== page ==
The same is true for all of the parables of Jesus. Take, for instance, the parable of the sower and the seed. In this instance, Jesus interprets his parable and points out what each metaphor corresponds to: the sower = God; the seed = the word of God; the soil = the soul preached to; the thorns = the cares of this life.

Consider how St. Thomas Aquinas address a parable:

“The parabolical sense is contained in the literal, for things are signified by words [both] properly and figuratively. Nor is the figure itself, but that which is figured, the literal sense. When Scripture speaks of God’s arm, the literal sense is not that God has such a member, but only what is signified by this member, namely operative power. Hence it is plain that nothing false can ever underlie the literal sense of Holy Scripture” (ST 1, q.1, a. 10, ad 3).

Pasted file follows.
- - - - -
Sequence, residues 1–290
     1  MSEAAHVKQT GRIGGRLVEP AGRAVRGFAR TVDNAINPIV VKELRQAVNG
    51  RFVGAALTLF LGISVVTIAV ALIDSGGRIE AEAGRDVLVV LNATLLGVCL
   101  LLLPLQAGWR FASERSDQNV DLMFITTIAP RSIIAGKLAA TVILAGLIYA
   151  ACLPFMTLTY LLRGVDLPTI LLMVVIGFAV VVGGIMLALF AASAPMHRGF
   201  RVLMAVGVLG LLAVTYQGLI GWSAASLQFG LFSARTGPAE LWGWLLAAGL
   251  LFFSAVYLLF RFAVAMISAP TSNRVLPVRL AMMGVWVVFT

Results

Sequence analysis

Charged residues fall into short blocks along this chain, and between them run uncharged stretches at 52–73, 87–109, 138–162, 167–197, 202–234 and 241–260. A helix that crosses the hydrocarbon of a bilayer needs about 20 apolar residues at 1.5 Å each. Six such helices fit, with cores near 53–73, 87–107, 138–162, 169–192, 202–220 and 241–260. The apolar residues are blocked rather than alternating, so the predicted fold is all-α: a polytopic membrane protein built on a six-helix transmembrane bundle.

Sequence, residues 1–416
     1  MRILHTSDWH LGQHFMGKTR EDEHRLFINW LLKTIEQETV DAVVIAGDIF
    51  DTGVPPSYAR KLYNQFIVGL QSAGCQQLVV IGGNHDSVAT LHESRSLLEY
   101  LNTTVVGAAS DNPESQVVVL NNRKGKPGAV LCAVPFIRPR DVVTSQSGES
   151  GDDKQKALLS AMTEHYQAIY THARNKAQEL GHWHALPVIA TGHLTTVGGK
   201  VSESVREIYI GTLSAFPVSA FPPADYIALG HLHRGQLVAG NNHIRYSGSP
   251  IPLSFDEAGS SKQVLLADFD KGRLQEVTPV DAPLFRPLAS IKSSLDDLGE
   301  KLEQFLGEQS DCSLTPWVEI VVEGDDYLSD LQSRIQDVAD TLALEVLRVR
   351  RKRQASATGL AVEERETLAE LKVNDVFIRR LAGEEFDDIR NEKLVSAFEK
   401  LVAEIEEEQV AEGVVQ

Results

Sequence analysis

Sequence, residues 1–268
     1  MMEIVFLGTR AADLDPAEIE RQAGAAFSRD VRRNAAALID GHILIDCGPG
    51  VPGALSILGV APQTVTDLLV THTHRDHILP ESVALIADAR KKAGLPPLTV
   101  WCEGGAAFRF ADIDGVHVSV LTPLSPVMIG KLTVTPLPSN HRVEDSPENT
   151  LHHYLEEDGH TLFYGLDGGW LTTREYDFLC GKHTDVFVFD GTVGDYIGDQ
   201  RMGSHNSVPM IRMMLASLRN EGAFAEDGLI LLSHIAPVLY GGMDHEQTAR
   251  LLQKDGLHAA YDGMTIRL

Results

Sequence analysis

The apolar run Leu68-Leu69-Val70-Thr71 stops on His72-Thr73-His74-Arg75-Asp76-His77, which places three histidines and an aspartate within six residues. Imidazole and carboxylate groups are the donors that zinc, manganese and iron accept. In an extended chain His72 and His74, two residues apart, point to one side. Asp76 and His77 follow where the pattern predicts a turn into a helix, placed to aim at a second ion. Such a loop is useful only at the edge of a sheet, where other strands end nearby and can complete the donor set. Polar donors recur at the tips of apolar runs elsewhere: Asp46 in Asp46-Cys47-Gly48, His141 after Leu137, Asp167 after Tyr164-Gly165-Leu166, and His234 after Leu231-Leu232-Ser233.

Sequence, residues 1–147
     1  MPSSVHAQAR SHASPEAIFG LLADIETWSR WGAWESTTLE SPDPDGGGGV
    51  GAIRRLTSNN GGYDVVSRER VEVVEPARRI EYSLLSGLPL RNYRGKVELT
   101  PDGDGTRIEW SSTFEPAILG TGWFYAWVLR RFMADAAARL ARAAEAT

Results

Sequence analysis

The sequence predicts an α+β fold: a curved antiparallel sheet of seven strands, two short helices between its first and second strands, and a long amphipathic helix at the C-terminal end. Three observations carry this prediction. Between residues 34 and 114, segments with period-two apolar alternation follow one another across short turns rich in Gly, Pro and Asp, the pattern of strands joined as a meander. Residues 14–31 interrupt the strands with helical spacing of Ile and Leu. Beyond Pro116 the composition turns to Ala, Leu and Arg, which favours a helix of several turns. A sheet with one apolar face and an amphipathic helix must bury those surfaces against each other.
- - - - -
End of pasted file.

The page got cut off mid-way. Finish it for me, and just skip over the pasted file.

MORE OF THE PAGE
Perhaps the most poetic book in the Bible is the Song of Songs. When interpreting this book, Aquinas first asks what is the literal or historical sense of the text? Then he contemplates what the author is signifying by the bridegroom and bride references given all the imagery used to describe them.

For Aquinas, the literal meaning of Solomon and the Shulamite woman in the Song of Songs is not the relationship between King Solomon and his bride. Rather, it is God as represented by the king, and Israel as represented by the bride. The literal, historical sense is the nuptial relationship of God and his people. That is, God who called forth a people, prepared them as a bride, and entered into a marriage covenant with them.

After this literal sense is established, the spiritual sense immediately follows: the covenant between God and Israel is a shadow of the more perfect, definitive covenant between God and man in Jesus Christ. That is, the old covenant is a type of the new covenant. As the saying goes, “The Old Testament is revealed in the New Testament and the New Testament is hidden in the Old Testament” (cf. Col. 1:26). Therefore, The Song is literally or historically about the old covenant, the betrothal in the desert, and allegorically about the new covenant, the marriage consummated on the Cross. This story is then fulfilled with the marriage of Christ to his bride, the Church, as articulated in the book of Revelation.